Rick Love, Vintage Air

5 Minutes With Rick Love

Rick Love knows how to keep his cool – and how to keep you cool, too. He’s worked for Vintage Air for more than 20 years and has more than 35 years of experience installing the company’s air conditioning products. A lifelong hot rodder, Love’s career at Vintage Air has been an ideal way to blend his degree in electronics and his passion for cars.

Love was named Vintage Air’s president earlier this year. In addition to overseeing the day-to-day operations at the San Antonio-based company, he can frequently be found at rodding events and leading technical seminars. He has long been active in the industry, too, serving on a variety of boards and committees in the Specialty Equipment Market Association (SEMA). Love was inducted into the SEMA Hall of Fame earlier this year.

We caught up with Rick Love to talk hot rods, road trips, and what it takes to stay cool in a hot rod.

Goodguys: What was your first car?

Rick Love: A ’66 Dodge Coronet R/T. My first real hot rod was a ’74 GTO. It was a four-speed car and we swapped in a ’67 400. It was the last year of the GTO and had a shaker hood scoop.

GG: What specialty cars are in your current stable of vehicles?

Love: The ’39 Ford that I’ve had for nearly 40 years. That always will be my favorite. I just finished rebuilding it after 180,000 miles. We tried to make it look basically like it did before – it’s just a whole lot better car this time.
I’ve got a ’32 five-window that I finished in 2005; an old ’66 El Camino I’ve had for 25 years; and a ’72 Camaro. I recently bought an ’87 Monte Carlo Aero coupe. I had one back in 1990 and put 300,000 miles it. I always missed that car, so I found another one. That’s my daily driver now.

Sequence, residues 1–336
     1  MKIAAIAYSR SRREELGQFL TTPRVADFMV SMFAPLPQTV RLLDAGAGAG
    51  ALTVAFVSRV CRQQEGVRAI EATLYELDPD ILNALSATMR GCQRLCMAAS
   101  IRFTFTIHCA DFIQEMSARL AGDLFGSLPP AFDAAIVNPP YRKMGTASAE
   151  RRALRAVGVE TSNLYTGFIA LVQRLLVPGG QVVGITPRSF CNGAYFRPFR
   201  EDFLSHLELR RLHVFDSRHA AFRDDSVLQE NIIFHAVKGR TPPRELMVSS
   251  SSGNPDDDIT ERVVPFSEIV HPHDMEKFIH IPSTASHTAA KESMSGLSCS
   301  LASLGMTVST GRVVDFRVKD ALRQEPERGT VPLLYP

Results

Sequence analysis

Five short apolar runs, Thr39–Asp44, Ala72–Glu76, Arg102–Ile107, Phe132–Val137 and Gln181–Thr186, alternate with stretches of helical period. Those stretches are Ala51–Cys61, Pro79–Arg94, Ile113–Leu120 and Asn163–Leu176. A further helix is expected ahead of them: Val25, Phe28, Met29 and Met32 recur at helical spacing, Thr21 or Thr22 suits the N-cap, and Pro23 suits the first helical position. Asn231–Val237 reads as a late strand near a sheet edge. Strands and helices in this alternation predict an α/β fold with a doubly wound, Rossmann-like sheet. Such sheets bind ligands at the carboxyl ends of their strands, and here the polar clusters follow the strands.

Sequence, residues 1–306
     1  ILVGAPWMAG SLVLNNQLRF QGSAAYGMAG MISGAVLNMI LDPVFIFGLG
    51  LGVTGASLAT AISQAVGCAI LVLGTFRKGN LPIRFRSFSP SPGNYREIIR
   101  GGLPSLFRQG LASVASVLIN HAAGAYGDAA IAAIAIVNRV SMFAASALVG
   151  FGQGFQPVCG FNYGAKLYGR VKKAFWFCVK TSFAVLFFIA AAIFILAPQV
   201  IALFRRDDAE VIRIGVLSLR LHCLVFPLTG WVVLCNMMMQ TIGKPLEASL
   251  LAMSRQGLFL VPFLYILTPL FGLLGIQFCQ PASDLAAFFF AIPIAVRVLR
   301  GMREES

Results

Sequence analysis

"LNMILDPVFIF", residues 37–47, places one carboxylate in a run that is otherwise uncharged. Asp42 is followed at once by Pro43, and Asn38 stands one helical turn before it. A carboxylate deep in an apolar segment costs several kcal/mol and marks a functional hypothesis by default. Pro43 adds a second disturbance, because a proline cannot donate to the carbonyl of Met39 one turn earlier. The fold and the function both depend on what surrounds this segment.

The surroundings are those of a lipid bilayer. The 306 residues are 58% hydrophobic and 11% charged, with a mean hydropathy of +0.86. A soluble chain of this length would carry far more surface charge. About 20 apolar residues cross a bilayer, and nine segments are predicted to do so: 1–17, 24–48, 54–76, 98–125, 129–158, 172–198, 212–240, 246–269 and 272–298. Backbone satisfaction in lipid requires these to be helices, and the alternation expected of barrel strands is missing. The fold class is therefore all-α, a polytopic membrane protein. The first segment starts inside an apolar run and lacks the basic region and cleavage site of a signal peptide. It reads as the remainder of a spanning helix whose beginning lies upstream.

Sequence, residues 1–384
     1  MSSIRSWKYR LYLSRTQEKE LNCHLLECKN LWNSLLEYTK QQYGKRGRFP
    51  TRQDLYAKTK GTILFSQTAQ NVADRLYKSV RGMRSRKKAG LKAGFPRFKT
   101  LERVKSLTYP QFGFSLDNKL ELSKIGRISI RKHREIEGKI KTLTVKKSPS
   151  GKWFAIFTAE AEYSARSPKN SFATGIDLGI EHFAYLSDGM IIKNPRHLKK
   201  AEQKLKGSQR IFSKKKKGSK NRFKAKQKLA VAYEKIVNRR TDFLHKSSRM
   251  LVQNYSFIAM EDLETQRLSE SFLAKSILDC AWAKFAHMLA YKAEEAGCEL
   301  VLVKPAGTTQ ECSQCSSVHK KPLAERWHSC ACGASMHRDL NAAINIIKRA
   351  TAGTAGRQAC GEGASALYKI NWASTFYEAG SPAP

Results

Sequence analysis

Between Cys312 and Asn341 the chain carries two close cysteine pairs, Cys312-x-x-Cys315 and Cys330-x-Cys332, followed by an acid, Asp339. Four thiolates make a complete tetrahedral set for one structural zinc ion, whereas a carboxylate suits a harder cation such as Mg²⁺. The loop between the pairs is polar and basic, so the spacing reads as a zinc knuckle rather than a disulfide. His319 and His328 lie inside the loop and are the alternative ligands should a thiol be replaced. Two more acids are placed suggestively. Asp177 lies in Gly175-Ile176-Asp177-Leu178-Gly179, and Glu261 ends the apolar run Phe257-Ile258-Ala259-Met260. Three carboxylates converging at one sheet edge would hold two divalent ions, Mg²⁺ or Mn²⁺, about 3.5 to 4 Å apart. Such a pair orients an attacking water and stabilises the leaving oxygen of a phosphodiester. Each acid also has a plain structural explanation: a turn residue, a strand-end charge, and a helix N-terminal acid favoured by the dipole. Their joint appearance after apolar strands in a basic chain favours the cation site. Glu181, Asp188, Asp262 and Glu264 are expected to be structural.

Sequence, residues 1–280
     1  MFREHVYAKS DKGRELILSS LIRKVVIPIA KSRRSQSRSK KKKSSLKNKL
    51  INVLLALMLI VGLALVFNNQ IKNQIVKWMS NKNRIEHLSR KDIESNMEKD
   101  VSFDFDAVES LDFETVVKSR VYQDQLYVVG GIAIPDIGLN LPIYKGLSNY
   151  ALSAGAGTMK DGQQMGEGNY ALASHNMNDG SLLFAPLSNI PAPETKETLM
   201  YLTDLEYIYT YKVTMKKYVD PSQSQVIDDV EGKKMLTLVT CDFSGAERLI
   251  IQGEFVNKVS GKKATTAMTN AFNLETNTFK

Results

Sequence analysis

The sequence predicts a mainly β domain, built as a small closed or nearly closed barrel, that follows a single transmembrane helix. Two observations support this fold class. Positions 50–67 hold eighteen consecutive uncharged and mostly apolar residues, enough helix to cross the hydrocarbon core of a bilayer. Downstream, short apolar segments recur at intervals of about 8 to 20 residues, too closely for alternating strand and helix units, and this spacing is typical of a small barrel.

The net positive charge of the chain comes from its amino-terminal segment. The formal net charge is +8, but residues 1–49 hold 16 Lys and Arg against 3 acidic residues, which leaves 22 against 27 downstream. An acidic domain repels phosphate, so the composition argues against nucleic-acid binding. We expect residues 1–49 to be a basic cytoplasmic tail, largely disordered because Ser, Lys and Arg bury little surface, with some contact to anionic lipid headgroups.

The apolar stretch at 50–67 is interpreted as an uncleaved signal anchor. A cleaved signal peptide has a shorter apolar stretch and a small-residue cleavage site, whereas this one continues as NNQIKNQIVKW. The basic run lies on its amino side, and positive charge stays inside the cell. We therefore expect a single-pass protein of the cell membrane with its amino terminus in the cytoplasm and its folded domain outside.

GG: What’s your favorite drive to take in the ’39?

Love: I really enjoy road tours in it. Any long-distance drive. It’s a comfortable car – it rides good, it’s got a bench seat where you can kind of move around. It’s a good touring car for me. I enjoy getting out on the road and going someplace different.

GG: What’s your go-to road trip song?

Love: Some old Jackson Browne is always good. A little “Runnin’ on Empty” – that always comes up at some point.

Rick Love, Vintage AirGG: You’ve been with Vintage Air a long time. How did you get involved with the company?

Love: I met [Vintage Air founder] Jack Chisenhall when I moved to Texas in 1982, I was doing international work and I’d come back and have a week or two off. I started doing some side work, wiring on cars and A/C installations. I was selling Vintage Air, so I got to be friends with Jack. We did some R&D work; my ’39 was probably the first street rod in the country that had 134a refrigerant. When I got married and my son was born, I didn’t want to be gone so much, so in 1998 I came to work for Jack full time.

GG: How is building and selling air conditioning different today compared to when you started?